The Senakw development aims to ease the city’s chronic housing crisis – and to challenge the mindset that indigeneity and urbanity are incompatible
The scrubby, vacant patch beneath the Burrard Street Bridge in Vancouver looks at first glance like a typical example of the type of derelict nook common to all cities: 11.7 acres of former railway lands, over which tens of thousands of people drive every day.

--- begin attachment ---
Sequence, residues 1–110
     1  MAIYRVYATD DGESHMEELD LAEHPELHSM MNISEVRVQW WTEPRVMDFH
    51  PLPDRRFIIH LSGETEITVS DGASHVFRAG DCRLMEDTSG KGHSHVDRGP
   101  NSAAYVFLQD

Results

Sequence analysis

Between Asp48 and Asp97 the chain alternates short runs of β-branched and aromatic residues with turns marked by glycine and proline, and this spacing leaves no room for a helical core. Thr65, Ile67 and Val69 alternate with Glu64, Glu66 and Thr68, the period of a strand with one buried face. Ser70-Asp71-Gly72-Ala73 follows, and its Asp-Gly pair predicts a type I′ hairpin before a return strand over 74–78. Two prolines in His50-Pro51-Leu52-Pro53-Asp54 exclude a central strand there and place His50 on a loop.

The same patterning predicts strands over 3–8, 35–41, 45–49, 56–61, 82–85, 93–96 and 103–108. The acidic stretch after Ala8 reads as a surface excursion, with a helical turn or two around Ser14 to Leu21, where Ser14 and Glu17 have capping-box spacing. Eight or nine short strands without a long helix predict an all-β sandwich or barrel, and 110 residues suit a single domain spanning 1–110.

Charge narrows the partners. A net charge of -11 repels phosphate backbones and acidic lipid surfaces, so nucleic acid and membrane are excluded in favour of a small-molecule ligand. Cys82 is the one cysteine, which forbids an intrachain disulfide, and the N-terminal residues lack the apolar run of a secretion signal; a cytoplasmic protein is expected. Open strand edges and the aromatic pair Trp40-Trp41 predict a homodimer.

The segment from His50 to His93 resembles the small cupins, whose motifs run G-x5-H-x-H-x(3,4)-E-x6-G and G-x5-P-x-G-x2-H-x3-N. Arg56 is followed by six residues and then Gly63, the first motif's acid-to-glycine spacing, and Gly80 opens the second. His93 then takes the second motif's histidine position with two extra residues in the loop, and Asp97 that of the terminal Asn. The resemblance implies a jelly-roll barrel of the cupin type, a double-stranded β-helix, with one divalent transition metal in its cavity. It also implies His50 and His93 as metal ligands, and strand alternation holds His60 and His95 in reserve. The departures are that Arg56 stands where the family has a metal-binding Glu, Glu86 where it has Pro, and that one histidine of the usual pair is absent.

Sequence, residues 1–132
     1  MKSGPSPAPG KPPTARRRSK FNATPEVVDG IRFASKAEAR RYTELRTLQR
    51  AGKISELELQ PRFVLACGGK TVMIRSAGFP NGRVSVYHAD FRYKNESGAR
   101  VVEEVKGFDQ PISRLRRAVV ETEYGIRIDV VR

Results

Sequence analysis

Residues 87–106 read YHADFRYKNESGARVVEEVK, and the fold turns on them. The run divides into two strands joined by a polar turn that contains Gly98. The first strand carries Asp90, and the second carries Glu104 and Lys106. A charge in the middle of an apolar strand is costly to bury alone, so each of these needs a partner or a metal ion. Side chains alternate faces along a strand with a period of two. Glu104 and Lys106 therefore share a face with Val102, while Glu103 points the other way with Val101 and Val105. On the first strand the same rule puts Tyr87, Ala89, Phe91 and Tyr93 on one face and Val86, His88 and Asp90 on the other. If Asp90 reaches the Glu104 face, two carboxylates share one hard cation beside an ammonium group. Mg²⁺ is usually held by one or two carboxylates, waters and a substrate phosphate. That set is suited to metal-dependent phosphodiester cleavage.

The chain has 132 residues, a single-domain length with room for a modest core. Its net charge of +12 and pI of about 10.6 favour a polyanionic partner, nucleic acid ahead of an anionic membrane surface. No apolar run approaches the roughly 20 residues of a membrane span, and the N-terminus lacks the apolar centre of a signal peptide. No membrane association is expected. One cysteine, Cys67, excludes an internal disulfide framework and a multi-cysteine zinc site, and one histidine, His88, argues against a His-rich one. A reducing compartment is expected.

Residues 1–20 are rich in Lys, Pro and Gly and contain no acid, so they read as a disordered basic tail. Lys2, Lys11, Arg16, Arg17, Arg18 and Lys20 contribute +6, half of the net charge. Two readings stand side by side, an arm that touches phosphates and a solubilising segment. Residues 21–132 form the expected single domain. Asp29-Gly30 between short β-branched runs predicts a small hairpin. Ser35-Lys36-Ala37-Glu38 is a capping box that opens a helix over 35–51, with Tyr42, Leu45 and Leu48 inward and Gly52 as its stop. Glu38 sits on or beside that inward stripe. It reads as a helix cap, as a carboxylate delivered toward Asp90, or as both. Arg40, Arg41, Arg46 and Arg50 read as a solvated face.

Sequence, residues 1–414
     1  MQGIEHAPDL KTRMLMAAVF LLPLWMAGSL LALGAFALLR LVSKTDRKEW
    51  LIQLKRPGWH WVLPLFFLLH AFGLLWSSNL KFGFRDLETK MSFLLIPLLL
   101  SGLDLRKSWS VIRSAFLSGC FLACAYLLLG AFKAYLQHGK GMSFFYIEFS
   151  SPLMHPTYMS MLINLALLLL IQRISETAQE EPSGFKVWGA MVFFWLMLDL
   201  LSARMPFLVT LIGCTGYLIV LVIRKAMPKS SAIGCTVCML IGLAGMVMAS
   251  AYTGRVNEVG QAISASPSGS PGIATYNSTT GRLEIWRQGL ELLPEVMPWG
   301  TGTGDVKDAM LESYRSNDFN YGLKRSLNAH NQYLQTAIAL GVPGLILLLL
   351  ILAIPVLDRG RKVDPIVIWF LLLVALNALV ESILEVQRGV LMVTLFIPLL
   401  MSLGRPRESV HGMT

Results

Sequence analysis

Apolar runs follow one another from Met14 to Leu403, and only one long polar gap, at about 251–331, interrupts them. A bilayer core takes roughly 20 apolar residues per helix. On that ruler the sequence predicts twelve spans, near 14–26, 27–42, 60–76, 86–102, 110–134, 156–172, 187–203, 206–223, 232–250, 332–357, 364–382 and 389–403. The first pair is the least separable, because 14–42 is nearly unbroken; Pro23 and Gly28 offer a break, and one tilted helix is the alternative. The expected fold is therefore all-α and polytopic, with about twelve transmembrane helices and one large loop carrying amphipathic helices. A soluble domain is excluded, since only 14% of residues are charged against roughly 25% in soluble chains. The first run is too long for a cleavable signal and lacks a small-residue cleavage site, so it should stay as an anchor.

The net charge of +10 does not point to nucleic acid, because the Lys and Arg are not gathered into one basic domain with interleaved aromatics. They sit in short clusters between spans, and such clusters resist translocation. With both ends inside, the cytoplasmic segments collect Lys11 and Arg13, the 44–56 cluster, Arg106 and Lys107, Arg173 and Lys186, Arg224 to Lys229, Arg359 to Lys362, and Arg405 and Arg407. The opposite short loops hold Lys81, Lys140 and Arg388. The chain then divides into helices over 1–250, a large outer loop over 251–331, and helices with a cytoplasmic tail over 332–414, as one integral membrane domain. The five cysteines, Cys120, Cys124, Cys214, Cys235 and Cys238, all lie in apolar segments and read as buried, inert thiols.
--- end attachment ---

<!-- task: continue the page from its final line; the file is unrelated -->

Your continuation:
This is not any old swath of underused space, however. It’s one of Canada’s smallest First Nations reserves, where dozens of Squamish families once lived. The village was destroyed by provincial authorities more than a century ago.
This is a marginalized community saying, ‘This is how we’re creating value for our nation, and the public at large'
There is this opposition assumed between the civilization cities are imagined to represent, and the imagined savageness of Indigenous people
The Squamish Nation has waited more than a century for this. They’re not going to wait any longerContinue reading...